Eid Al-Adha, known to Moroccans as Eid Al-Kabir, is the holiest Muslim holiday. The celebration occurs on the 10th day of the Islamic calendar’s final lunar month, Dhou Al-Hijja.
By Yassine El Hattch
Rabat – The religious roots of this festival date back to Abraham, the father of Christianity, Judaism, and Islam, also known as the Abrahamic religions. In a dream, God instructed Abraham to sacrifice his son. The patriarch took his son Ishmael to the mountain to fulfill God’s command. As Abraham laid the knife on his son’s neck, God called loudly from the seventh sky, rescinding the order. God then replaced the son with a sheep. This story is the basis for Eid Al-Kabir, or ‘The Great Eid,’ to be celebrated in the next few days.
The sacrifice is Sunnah of the Prophet Mohammed. It was legitimated by God through the Prophet, as an offer to forgive his sins and to closer approach God’s mercy. The sacrifice is not circumscribed just to sheep, a common misconception. Other halal animals, such as camels, cows, and goats, are economically and religiously acceptable sacrifices on Eid Al-Adha. All lead to the same result, closeness to God. The ritual must be performed under specific conditions which respect the animal and the sacrifice’s significance.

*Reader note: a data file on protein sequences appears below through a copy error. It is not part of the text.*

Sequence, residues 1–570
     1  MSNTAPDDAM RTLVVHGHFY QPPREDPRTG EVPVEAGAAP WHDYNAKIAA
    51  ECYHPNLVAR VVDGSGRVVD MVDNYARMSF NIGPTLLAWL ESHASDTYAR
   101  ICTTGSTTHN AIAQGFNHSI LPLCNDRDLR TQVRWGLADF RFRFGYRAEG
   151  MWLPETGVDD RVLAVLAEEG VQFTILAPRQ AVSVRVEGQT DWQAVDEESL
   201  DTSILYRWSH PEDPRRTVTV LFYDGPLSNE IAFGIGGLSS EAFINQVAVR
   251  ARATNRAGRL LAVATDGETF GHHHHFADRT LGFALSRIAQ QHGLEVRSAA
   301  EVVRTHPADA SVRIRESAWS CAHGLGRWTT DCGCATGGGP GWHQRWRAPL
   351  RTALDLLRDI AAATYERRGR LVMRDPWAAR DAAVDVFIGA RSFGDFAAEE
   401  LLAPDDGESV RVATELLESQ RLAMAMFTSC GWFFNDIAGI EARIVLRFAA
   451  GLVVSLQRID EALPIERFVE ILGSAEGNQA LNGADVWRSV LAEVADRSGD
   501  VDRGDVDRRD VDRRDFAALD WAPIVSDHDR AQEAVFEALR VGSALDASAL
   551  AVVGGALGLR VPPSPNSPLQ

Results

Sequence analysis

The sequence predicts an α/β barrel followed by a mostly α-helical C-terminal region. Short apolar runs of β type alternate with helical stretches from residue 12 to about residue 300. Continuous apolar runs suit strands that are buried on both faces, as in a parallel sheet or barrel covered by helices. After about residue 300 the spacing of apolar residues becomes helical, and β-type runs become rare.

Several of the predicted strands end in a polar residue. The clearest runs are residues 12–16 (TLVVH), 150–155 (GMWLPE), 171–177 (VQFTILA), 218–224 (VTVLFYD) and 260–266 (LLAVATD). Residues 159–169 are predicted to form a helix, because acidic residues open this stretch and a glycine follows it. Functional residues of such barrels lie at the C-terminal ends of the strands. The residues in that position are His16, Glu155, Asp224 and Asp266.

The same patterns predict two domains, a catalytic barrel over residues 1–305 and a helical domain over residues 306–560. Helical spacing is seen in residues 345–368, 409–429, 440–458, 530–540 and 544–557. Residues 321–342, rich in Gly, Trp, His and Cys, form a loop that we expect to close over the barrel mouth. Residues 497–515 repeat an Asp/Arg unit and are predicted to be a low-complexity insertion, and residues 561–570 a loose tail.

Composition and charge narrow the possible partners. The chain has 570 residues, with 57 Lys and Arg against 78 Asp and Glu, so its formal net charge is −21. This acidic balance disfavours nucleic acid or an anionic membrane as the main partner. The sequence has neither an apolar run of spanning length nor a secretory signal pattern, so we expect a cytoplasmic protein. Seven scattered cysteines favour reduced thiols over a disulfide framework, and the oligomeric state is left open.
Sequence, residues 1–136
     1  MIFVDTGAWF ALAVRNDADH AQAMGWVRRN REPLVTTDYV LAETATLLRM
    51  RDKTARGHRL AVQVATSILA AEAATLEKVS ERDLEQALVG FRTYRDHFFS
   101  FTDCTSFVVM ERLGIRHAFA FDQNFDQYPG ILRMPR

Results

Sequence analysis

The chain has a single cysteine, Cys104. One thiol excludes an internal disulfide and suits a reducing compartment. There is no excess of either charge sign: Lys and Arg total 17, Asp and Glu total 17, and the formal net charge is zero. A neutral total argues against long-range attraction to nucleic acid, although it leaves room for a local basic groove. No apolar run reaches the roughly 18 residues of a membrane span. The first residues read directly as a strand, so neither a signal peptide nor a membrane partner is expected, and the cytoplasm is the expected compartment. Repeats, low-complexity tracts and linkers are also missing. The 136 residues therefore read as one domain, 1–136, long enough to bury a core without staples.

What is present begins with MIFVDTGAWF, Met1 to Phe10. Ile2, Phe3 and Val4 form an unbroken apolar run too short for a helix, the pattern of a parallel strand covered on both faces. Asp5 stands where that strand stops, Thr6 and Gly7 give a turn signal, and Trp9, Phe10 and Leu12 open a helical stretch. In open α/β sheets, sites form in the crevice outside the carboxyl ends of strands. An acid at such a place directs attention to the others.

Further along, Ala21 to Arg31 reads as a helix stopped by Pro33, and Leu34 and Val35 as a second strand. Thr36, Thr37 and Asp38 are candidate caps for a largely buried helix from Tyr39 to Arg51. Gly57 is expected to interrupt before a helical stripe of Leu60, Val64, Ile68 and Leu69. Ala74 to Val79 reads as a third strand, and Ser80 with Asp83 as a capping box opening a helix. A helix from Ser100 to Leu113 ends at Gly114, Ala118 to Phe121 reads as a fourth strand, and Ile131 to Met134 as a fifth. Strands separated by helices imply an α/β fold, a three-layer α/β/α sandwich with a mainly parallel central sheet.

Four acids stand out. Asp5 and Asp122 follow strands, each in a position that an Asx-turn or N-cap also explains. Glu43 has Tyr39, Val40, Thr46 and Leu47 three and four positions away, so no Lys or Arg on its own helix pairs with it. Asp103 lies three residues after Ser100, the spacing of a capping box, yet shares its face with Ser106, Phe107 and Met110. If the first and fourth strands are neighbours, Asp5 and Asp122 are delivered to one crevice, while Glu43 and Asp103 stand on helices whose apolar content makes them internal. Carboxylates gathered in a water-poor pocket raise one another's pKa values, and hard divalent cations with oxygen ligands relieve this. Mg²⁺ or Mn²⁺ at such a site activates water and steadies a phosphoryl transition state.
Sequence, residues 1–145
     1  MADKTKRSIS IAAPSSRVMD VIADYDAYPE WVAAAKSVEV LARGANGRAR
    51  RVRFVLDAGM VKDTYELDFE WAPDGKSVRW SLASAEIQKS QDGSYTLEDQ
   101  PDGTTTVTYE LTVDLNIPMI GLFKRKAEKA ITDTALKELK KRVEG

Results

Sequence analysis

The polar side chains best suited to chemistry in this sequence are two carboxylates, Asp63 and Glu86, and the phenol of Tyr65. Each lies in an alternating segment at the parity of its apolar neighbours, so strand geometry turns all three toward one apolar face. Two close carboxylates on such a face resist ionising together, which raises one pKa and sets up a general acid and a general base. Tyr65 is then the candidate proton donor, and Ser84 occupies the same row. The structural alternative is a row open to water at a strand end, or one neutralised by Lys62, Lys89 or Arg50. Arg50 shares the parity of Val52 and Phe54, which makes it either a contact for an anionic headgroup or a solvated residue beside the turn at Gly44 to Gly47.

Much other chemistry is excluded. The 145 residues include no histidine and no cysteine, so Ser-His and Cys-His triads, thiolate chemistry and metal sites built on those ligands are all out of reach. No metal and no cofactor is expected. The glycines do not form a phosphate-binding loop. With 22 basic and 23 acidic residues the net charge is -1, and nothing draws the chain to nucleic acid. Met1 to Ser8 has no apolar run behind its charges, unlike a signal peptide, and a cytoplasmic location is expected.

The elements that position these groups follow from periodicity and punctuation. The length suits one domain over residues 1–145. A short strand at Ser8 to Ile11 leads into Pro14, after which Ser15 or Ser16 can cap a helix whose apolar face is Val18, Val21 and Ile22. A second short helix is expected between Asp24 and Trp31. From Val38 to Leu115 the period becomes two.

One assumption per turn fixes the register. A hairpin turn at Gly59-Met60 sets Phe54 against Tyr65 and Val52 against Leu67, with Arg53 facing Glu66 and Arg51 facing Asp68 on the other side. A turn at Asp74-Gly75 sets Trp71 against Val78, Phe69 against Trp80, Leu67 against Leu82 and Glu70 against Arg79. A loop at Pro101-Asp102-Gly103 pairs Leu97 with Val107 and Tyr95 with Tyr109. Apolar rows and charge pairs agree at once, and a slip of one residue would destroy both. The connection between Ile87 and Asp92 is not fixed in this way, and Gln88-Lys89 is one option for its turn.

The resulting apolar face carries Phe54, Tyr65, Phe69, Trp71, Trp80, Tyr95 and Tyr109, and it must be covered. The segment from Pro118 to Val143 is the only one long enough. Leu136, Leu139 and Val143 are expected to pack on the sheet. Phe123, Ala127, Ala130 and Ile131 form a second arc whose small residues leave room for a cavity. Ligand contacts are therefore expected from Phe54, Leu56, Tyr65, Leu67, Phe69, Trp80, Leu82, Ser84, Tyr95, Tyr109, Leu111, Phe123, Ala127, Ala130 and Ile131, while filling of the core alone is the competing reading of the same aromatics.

In Morocco, the Great Eid has taken on social, economic, and customary dimensions. As Eid approaches, families and individuals seek out a suitable sheep or other animals to sacrifice. Even though the slaughter is not mandatory for those who cannot afford it, several poor families borrow money in order to buy a sheep or goat. Sheep are most commonly sacrificed in Moroccan cities, while goats are more commonly slaughtered in rural villages.
On the morning of the Great Eid, Muslims don their traditional Jellaba and Jabador or put on their best attire, and go to the mosque or the Mussala (an open-air space outside the cities and villages) to make the prayer of Eid.
After prayer, Moroccans perform the sacrifice ritual. Once the blood has run its course, families visit each other in the evening. The Great Eid continues for three days, a happy communal celebration filled with rich religious meaning, as stomachs fill with rich traditional meat dishes.
Edited by Perri Huggins